Godman FDC (1907) Monograph of the Petrels (order Tubinares). London: Witherby & Co.
- James MJ (2012) The Boat, the Bay, and the Museum: Significance of the 1905-1906 Galápagos expedition of the California Academy of Sciences. Pages 87-99 in Wolff M, Mark Gardener M (editors) The Role of Science for Conservation. London: Routledge
- Lack D (1945) The Galápagos finches (Geospizinae): A study in variation. Occasional Papers of the California Academy of Sciences 21:1–159.
- Lack D (1947) Darwin’s Finches. Cambridge: Cambridge University Press.
- Lowe P (1936) The finches of the Galápagos in relation to their evolution. Ibis 1936:310–321.
1. Decimated: literally reduced to 1/10th of its former size as 90% of the homes were destroyed. See here for a summary of the effects of those fires
2. Valuable portion of the collection: these were type specimens that Eastwood had kept separate from the main collection. This was an unusual practice in those days but proved to be lucky as she was able to grab them in a few minutes. On arriving at the museum, she found that the marble staircase had collapsed so she climbed to the 6th floor herbarium on the iron railing. She then gathered up those type specimens with her friend Robert Porter. Eastwood then climbed back down the bannister to the ground floor to gather up the specimens that Porter lowered out the window, on a rope that they had put together from scraps. See here for more details.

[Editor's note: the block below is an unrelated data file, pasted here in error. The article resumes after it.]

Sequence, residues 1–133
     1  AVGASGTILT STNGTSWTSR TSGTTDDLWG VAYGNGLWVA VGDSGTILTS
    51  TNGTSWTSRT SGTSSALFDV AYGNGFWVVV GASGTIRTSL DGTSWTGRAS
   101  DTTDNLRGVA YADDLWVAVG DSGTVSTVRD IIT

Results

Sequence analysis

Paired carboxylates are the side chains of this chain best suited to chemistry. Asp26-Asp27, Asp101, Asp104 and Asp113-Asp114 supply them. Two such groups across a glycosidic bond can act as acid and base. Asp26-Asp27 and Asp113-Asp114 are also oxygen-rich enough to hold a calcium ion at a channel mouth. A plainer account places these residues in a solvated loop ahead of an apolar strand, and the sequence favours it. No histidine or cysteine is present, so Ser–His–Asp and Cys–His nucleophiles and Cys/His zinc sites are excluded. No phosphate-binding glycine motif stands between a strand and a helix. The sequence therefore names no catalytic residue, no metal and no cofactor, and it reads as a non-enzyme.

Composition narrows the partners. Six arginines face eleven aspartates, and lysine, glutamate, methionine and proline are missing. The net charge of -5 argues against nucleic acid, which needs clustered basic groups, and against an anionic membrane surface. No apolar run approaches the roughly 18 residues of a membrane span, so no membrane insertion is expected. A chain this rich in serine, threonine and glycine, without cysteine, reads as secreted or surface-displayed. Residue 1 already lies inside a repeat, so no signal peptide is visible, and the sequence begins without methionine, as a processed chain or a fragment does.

3. Guadalupe Storm Petrel: although this bird was still considered to be abundant on its Guadalupe Island (Mexico) breeding grounds in 1906, it was being heavily preyed upon by cats that were introduced to the island in the late 1800s. The last two specimens were collected in 1911 and the last breeding was recorded in 1912. The species was never seen again (see here for more details). Loomis must have taken these two because they were the type specimens as he could not have guessed that the species was soon to be extinct. The painting by JG Keulmans is from Godman (1907)
4. Galápagos Finches: were not normally called Darwin’s Finches until Percy Lowe (1936) used that term
5. Galápagos expedition of 1905-06: see James (2012) for details
6. Lack and Bowman studies of Darwin’s Finches: see Lack (1945, 1947) and Bowman (1961)
7. Goddess of Fortune: Tyche to the Greeks, Fortuna to the Romans
IMAGES: all from Wikipedia, in the public domain